Thackeray.Q.29.9 facing page 372 Holland

Illustration facing page 372 from Thackeray.Q.29.9

Captain Johnson is a pseudonym. For many years, the true author was believed to be Daniel Defoe (1660-1731), the author of Robinson Crusoe, but more recently this theory has been disputed. However, Defoe did write several works about pirates, and the Thackeray bequest also contains a copy of the first edition (1720) of his novel:  The life, adventures, and pyracies, of the famous Captain Singleton. This contains numerous descriptions of the protagonist’s piratical activities. The title-page provides a neat summary of the novel’s plot.

Thackeray.VIII.11.11 titlepage

Title-page of “The life, adventures and pyracies, of the famous Captain Singleton …” (London, 1720) Thackeray.VIII.11.11

Singleton is kidnapped as a boy and eventually carried off to sea. After many adventures in the East Indies and Africa, he heads to the West Indies and takes up a life of piracy. This is done with great enthusiasm, as is related in the extract below.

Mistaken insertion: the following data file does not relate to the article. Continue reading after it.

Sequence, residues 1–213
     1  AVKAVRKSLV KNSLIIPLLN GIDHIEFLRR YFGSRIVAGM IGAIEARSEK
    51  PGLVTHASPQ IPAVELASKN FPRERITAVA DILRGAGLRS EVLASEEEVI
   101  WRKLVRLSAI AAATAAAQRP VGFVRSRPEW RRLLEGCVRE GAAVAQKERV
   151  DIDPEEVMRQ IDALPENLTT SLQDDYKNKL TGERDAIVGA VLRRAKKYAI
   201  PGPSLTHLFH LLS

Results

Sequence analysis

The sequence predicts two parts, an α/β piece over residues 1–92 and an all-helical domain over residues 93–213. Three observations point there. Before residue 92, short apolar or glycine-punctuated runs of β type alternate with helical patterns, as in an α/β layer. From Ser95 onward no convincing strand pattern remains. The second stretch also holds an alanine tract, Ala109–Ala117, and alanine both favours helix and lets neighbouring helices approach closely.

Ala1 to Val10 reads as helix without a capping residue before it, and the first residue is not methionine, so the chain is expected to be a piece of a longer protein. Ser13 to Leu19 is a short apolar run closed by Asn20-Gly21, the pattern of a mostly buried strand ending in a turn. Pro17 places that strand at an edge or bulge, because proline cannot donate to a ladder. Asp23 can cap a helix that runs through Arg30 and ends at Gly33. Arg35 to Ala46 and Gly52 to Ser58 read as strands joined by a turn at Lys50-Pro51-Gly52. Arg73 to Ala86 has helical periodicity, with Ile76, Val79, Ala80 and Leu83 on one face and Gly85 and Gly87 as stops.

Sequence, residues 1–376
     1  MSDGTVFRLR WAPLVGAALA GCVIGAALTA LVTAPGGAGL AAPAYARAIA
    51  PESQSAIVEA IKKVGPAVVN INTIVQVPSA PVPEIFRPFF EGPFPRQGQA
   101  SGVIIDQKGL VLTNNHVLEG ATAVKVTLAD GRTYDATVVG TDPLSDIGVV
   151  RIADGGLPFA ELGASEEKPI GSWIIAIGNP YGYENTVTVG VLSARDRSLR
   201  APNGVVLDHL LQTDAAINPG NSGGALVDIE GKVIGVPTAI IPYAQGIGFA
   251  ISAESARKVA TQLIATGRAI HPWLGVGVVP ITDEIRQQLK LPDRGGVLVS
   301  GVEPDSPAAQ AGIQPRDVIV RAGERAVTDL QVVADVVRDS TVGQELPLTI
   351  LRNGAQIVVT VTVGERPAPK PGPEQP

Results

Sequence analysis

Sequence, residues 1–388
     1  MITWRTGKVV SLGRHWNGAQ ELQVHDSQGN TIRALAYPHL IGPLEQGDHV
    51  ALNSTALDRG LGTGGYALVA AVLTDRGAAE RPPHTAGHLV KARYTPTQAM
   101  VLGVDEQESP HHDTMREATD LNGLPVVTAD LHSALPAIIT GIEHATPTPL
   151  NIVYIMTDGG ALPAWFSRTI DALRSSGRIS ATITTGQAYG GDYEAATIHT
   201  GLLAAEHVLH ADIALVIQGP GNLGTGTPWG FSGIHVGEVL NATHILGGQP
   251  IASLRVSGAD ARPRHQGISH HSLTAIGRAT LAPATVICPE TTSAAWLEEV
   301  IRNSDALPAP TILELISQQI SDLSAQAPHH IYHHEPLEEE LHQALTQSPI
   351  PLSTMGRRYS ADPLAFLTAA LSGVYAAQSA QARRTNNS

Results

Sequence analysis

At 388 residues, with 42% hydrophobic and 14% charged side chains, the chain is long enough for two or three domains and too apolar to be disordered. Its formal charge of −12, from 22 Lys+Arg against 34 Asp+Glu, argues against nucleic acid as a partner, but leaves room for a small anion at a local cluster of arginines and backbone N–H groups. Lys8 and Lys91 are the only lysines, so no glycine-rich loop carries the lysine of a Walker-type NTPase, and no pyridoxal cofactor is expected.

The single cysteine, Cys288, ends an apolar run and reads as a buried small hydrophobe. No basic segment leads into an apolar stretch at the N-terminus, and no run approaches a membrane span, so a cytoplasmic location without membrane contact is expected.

Thackeray.VIII.11.11 page 182 extract

Extract from page 182 of Thackeray.VIII.11.11

Singleton and his piratical associates range far and wide, from the Indies to the coast of Africa and even into the Pacific ocean, taking ships belonging to a variety of nations and gleefully availing themselves of their valuables.

Thackeray.VIII.11.11 page 213 extract

Extract from page 213. Thackeray.VIII.11.11

So successful are they that in time their lust for treasure is sated, and Singleton and his crew trade piracy for the merchant life, using their ill-gotten gains as capital. Singleton eventually returns home to live a quiet life in England.

Thackeray.VIII.11.11 page 241 extract

Extract from page 241 of Thackeray.VIII.11.11

Finally, we have a two volume compilation of ballads, poems and songs about Robin Hood, dating from 1795. This includes attractive illustrations depicting scenes from the outlaw’s many adventures, like that pictured below, in which Robin tricks a bishop, and liberates him of his gold.